In 1917, the harsh laws restricting Chinese immigration were extended to essentially most of Asia and the Middle East with the 1917 Immigration Act. It also prevented immigration of anarchists, persons previously deported, and all individuals over 16 who are deemed "physically capable of reading" but who cannot read (of any origin).
But basically, if you were literate, not a convict, not likely to become a public charge, and not Asian, there were no restrictions on your entry up to this point. That changed starting in 1921, and became even worse in 1924.
The 1921 Emergency Quota Act was the first to set "quotas" based on nationality, meaning it limited the number of immigrants from each foreign nation allowed in. The limit was set to 3% of the number of existing residences from those nations based on the 1910 census. So if there were 1,360,000 people on the 1910 census who were born in Italy, only 3% of that, or 40,800 Italians would be allowed to immigrate per year. This significantly reduced the amount of overall immigrants into the country.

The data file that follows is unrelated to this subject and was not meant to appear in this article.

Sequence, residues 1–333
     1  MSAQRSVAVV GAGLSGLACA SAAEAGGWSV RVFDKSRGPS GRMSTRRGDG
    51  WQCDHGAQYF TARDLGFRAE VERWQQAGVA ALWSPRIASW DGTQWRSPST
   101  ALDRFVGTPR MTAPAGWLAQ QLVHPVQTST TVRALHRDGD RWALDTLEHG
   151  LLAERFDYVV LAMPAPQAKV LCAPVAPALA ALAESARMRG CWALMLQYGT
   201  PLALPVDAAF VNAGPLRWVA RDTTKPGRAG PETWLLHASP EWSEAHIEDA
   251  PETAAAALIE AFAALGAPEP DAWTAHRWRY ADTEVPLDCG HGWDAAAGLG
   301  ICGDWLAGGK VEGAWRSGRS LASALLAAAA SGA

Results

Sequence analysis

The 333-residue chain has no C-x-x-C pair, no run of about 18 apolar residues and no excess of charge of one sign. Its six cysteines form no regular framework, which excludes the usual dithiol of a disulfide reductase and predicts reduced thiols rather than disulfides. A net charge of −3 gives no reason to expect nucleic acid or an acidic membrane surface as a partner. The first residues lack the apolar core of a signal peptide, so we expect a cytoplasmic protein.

In 1924, the quota was reduced to a mere 2% with the 1924 National Origins Act, and more than that, it was based on the 1890 census instead of the 1910 census. It may seem like an odd choice to go with an older census year, as it would be less up to date, but it was a strategic, and arguably discriminatory decision, as it restricted southern and eastern Europeans more than others. Most southern and eastern Europeans immigrated after the 1890s, so basing the quota on the 1890 census meant their numbers were smaller, making their quota smaller. This was the first act to discriminate against certain Europeans (good thing all my Italian ancestors were here by 1914). There were exceptions: students, citizens of Western Hemisphere nations, people of certain occupations, and wives and children of US citizens were all exempt. The act also for the first time required visas be obtained abroad before entry.